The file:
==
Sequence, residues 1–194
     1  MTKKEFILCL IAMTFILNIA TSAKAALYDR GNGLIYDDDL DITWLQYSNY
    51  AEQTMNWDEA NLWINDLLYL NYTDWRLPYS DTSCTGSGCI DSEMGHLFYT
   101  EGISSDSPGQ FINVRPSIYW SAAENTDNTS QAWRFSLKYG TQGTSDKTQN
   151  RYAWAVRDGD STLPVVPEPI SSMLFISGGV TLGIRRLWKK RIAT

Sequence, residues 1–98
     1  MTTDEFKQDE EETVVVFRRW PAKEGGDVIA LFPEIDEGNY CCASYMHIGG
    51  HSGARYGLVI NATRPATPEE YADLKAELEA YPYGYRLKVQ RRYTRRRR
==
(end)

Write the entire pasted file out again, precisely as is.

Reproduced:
Sequence, residues 1–194
     1  MTKKEFILCL IAMTFILNIA TSAKAALYDR GNGLIYDDDL DITWLQYSNY
    51  AEQTMNWDEA NLWINDLLYL NYTDWRLPYS DTSCTGSGCI DSEMGHLFYT
   101  EGISSDSPGQ FINVRPSIYW SAAENTDNTS QAWRFSLKYG TQGTSDKTQN
   151  RYAWAVRDGD STLPVVPEPI SSMLFISGGV TLGIRRLWKK RIAT

Sequence, residues 1–98
     1  MTTDEFKQDE EETVVVFRRW PAKEGGDVIA LFPEIDEGNY CCASYMHIGG
    51  HSGARYGLVI NATRPATPEE YADLKAELEA YPYGYRLKVQ RRYTRRRR